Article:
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Thread: Is Java really that hard?
Oct 22, 2008, 13:19 #1
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Is Java really that hard?
For my 8th graduate course I'm taking Ruby on Rails. Why did I take it? I was just curious. Anyways, the professor kept emphasizing RoR can make a web app at least 3x faster than Java. Of course this depends on the programmer level, which I agree. Still, is making a web application in Java that HARD??
From what I know of RoR (only played about 2 weeks) is that it has a built in "scaffold" aka auto-code-generator and has many web-specific features built in the Ruby code itself. Sure for a new programmer, only 1 framework is needed to create an elaborate web application. It certainly does make it simple. An analogy would be that someone handing you 1 RoR book and say this is all you need to know. Versus, in Java you'll be given multiple books to make the same web application. Sure given this analogy, I would pick the 1 book solution as well.
From many demo of RoR where you can build a web in 5 min is pure junk~ there I said it. Those demo are nothing but run by a "wizard" aka "scaffold". If they do that then I can easily create a site in 5 min using Eclipse which creates web application using ejb/hibernate + spring + maven + jsf/struts wizard. Plus in actual coding, you'll be undoing the "scaffold" as your program gets more finalized. One time a... certain individual argue that Ruby is better than Java because in Ruby all you need is "puts" while in Java you need "System.out.println".... Yes, it was beyond arguing w/ this person.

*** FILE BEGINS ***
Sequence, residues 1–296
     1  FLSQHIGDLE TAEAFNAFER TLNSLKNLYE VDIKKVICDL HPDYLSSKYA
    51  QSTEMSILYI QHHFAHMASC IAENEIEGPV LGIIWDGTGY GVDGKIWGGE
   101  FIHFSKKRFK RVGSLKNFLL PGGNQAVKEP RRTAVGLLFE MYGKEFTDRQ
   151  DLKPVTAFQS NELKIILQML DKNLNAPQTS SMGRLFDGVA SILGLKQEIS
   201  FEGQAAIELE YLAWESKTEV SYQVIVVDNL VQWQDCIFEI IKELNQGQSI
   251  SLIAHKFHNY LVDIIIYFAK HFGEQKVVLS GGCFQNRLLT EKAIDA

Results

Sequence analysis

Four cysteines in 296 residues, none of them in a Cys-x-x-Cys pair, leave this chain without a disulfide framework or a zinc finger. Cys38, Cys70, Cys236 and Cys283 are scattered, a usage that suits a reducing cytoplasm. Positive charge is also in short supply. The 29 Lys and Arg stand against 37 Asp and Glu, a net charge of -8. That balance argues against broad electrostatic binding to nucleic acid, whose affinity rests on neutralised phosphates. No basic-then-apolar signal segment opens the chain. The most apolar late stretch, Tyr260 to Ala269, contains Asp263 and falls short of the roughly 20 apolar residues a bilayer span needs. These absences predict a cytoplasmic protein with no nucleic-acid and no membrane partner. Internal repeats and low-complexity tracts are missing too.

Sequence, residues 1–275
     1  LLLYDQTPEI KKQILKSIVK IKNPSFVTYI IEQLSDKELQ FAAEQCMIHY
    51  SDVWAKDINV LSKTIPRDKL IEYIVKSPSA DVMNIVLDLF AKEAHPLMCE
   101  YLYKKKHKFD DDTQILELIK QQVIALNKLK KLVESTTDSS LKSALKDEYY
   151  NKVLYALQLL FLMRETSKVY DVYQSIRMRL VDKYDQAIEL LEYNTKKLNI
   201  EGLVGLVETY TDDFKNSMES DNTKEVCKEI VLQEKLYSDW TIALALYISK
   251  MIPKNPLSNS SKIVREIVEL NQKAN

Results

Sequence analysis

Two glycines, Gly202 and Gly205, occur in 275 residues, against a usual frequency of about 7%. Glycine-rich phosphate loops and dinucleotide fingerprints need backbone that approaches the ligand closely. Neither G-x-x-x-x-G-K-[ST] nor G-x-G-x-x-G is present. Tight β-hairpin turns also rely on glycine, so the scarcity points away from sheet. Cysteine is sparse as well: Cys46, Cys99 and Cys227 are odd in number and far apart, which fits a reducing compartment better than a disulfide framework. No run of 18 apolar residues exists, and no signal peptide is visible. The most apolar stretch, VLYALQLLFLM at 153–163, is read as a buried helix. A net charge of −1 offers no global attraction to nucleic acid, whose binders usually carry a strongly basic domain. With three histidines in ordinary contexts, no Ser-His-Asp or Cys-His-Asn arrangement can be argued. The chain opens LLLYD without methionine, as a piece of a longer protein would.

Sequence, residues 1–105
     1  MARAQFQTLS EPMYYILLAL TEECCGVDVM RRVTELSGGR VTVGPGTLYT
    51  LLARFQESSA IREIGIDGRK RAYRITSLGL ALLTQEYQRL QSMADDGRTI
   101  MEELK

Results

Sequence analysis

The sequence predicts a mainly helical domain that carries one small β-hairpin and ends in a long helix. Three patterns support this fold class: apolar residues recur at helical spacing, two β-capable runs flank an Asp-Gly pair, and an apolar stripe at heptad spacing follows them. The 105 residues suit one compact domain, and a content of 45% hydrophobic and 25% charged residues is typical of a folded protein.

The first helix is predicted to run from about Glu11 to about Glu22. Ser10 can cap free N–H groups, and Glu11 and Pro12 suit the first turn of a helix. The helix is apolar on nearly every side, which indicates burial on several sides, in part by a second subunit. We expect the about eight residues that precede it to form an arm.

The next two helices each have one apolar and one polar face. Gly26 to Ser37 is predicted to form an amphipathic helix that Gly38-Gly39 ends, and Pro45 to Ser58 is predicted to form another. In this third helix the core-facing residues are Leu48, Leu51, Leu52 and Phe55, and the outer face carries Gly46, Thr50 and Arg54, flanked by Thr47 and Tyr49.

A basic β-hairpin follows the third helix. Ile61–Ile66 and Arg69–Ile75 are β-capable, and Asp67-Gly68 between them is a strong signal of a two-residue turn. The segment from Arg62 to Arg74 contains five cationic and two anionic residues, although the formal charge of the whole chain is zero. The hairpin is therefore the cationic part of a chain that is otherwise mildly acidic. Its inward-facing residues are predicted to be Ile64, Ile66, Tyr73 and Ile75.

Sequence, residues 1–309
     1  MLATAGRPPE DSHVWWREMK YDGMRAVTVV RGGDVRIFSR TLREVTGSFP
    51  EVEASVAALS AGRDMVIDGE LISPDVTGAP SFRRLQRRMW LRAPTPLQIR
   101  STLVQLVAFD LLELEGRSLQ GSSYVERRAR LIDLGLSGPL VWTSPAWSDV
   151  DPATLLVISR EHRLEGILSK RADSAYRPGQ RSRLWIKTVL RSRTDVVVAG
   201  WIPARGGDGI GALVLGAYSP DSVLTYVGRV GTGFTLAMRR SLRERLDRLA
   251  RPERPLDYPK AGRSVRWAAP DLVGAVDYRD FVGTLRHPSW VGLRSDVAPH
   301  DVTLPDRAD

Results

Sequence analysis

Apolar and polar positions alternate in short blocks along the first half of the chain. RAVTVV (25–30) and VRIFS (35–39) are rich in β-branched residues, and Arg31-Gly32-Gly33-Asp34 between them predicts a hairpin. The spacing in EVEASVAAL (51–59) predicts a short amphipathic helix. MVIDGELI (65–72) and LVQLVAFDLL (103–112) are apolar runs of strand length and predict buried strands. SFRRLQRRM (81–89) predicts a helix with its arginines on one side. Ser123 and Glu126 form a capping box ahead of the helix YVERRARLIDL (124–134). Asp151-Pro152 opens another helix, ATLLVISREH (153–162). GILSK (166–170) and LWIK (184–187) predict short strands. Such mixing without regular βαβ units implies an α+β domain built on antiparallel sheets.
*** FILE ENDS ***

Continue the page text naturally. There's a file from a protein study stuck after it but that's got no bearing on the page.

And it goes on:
Now does this all mean RoR is easier to learn and make web app faster? Just because their is 1 book to learn and it has many built-in wizards to get you started? What if I created a book that combined jsf/ejb/hibernate/spring/eclipse in 1 book? Does that make it easier than RoR?
Let me be clear.. "Ruby on Rail" is something new but "Ruby" is not. Ruby has been around since 90's. If it was so good as ppl say then why wasn't it popular before? Syntax wise it's all same. All of a sudden here comes "Rail" 10 or so years later, which is a MVC framework w/ many code auto-generation. These code auto generation is plentiful in Java though IDE (eclipse/netbean).
What I'm frustrated w/ RoR enthusiasts is that they compare Java programming w/o IDE. So they say, you gotta write 100's of configuration files! You gotta compile before you run! Too complex to web server Yes~ Java is more configuration file oriented but since JDK 1.5, they've introduced "Annotation" which will help to reduce configuration files. Their is even a MVC framework called "Stripe" which is 100% Annotation driven. Also, if a programmer knows how to use Eclipse fairly well then you can Hot-Deploy your code. This means that you don't have to compile manually, create war file, and restart your web server. It's almost as equivalent as writing in Ruby.